Last night while going through 1000’s of TV channels, which has mostly shit on it, I came across a 1967 Merv Griffin show on Get TV, which I would normally just keep bypassing, but saw that Martin Luther King Jr. was going to be on and so I listened to this very rare 1967 interview and listening to this great interview realized how much some things have not changed in all this time. Dr. King mentioned many times “the conditions in the Negro  community” (show the time period that he used the term “negro”), which creates poverty, crime, unemployment, etc.  Face forward to 2016 and we are still talking about the conditions in the black community which creates poverty, crime, unemployment, etc. UNBELIEVABLE that 49 years later, that same conversation is being repeated.

An amazing interview that probably some have not seen since it first aired and for many who have never seen it. Please watch this. And then see the article from The Daily News that I posted below that just shows how little things have changed. SAD. And who the hell says racism isn’t really an issue anymore. Guess some of you are listening too much to Fox News.




From The Daily News:

EXCLUSIVE: Army vet falsely arrested while walking his dog says he endured racial taunts by Trump-loving NYPD cop

army-vetArmy veteran Najja Plowden was walking Lilycat in Brower Park in August when police arrested him and admitted it was on account of his race, he claims in lawsuit.

(Gardiner Anderson/for New York Daily News)

An Army veteran’s quiet walk with his dog in a Brooklyn park turned into a long night in jail on a false arrest — and being subjected to a pro-Trump cop’s racial taunts, a new lawsuit says.

Najja Plowden, 35, was wrapping up a midnight walk with his dog in Crown Heights’ Brower Park last August when two NYPD cops in a police van stopped and questioned him about being in the park after hours.

The park didn’t have any signs posted indicating it was closed, Plowden said, and the cops also didn’t bother a white man who was there playing fetch with his dog.

One of the officers, Nicholas Loweth, allegedly asked Plowden for identification, but he had left it at home. When the cop ran Plowden’s name, an active warrant came up — a 2013 summons for skateboarding in Union Square Park.

After Plowden told Loweth the warrant and summons had been dismissed in Manhattan Criminal Court three months earlier, the officer allegedly asked Plowden if someone could come get his dog because he was going to be arrested for being in the park after dark.

“I explained that (the summons) was cleared up. I wasn’t even in the country at the time,” said Plowden, who filed a lawsuit in Brooklyn Federal Court on Friday.

Plowden — a married father who served in Afghanistan and now works as an occupational therapist for special education students — was taken to the 77th Precinct after the cops dropped off Lily Cat, his pitbull-terrier mix, at his Dean St. home.

While Plowden was in custody, Loweth, who is white, allegedly made disparaging comments to Plowden, an African-American man, that included “your culture is more problematic, more violent, more prone to crime,” and “you wouldn’t have been stopped and detained if you’d been a white guy in a park at night on the Upper East Side,” according to the lawsuit.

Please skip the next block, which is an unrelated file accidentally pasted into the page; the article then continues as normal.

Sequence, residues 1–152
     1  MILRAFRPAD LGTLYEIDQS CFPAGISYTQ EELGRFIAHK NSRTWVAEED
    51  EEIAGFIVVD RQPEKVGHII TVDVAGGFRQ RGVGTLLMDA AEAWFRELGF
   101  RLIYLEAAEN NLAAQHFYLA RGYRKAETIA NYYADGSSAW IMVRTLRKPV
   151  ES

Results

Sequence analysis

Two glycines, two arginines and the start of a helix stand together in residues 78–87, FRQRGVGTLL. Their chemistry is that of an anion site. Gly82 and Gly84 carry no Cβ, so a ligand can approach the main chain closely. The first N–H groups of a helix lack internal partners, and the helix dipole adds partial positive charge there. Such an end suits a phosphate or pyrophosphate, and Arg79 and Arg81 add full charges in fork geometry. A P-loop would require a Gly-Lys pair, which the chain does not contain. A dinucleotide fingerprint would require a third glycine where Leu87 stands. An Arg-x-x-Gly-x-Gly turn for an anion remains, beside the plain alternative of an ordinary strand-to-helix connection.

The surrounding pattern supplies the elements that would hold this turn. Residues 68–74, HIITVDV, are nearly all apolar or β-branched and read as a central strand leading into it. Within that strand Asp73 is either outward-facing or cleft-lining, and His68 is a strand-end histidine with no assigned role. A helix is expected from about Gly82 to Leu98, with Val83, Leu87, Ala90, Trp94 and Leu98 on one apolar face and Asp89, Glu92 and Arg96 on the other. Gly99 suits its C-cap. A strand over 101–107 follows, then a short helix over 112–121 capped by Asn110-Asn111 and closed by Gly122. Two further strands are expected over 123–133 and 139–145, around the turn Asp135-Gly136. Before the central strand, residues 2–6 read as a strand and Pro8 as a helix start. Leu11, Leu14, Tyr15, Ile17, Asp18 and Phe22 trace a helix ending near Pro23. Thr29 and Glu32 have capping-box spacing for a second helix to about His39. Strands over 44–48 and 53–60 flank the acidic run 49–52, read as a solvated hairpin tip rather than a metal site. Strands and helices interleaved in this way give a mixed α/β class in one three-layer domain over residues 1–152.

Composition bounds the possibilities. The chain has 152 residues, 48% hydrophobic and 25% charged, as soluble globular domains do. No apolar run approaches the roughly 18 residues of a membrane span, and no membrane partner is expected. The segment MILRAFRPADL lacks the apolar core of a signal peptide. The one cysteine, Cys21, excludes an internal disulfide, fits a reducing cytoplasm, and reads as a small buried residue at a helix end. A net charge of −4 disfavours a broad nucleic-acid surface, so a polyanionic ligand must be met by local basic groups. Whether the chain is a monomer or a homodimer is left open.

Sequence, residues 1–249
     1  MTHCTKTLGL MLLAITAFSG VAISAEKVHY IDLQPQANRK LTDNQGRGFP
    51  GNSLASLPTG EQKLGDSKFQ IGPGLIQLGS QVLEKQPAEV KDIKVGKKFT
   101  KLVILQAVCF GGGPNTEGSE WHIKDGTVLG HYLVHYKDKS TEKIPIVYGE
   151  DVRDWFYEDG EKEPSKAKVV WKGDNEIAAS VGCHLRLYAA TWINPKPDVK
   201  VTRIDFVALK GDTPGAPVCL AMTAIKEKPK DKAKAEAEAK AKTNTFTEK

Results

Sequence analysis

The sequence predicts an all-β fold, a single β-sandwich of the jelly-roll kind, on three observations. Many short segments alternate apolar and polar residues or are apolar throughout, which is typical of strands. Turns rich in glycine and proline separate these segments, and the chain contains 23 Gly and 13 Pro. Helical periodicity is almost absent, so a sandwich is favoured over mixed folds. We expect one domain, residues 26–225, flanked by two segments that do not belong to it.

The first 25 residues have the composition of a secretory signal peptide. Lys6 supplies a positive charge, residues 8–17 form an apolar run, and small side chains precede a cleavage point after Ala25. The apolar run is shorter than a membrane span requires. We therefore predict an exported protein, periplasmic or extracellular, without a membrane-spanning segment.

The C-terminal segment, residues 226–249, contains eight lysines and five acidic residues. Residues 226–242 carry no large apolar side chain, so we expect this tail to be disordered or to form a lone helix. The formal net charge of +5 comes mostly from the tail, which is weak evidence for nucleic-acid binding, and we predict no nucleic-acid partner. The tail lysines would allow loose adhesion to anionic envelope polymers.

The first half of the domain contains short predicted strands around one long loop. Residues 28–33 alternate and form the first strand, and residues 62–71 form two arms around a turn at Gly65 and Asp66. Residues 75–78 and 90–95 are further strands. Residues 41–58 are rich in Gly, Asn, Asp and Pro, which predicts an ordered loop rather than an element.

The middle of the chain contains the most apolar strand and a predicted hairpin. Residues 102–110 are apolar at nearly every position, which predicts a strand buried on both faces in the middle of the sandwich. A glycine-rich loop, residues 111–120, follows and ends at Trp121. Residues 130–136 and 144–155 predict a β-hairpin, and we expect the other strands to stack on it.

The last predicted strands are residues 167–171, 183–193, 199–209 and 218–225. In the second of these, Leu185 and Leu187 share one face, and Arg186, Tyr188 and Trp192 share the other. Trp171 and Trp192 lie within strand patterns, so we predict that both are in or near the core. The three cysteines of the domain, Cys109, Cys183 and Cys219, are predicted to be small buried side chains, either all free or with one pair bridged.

“I started to tear up because I’m a 35-year-old black man, a veteran, with no criminal record,” Plowden told the Daily News. “I said, ‘Please, do not do this. Why are you doing this?’

“He started to laugh, (and) asked if I was crying. I said, ‘No, this is emotional,’” Plowden said.

Loweth also allegedly spent much of the night lecturing Plowden with pro-Donald Trump rhetoric, bragging that the President-elect will support policing in minority neighborhoods and end the “abuse of resources” like food stamps and welfare by “ghetto” residents, the lawsuit says.

“Police officers are entitled to their political views, but haranguing a helpless prisoner confined to a precinct cell and subjecting him to racist political bravado is unacceptable,” said Plowden’s attorney Joel Berger.

Loweth — who could not be reached for comment — was a defendant in another federal lawsuit in 2014, in which he was accused of participating in an assault and fabrication of false criminal charges. That case was settled for $25,000.

Hours after his latest arrest, a Brooklyn Criminal Court judge vacated the warrant against Plowden, dismissed the misdemeanor charge and apologized that the NYPD’s computer system had not been updated, according to the lawsuit.

But as a result of the arrest, Plowden’s job as an occupational therapist is in limbo. The Department of Education has declared him ineligible for assignments until it looks into the case, according to the lawsuit.

“I’ve always treated officers with respect,” Plowden said. “I never thought this would ever happen to me.”

A spokesman for the city’s Law Department said the complaint “will be reviewed once we are served.”

The NYPD declined to comment on pending litigation.



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